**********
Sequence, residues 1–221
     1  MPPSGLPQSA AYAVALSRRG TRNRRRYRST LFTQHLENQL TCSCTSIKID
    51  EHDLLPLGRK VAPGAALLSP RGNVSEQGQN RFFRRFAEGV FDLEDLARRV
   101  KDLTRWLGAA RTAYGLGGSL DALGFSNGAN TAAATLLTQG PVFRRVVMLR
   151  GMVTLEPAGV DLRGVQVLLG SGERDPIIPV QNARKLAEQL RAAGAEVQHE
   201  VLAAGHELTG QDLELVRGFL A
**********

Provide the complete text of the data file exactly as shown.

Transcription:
Sequence, residues 1–221
     1  MPPSGLPQSA AYAVALSRRG TRNRRRYRST LFTQHLENQL TCSCTSIKID
    51  EHDLLPLGRK VAPGAALLSP RGNVSEQGQN RFFRRFAEGV FDLEDLARRV
   101  KDLTRWLGAA RTAYGLGGSL DALGFSNGAN TAAATLLTQG PVFRRVVMLR
   151  GMVTLEPAGV DLRGVQVLLG SGERDPIIPV QNARKLAEQL RAAGAEVQHE
   201  VLAAGHELTG QDLELVRGFL A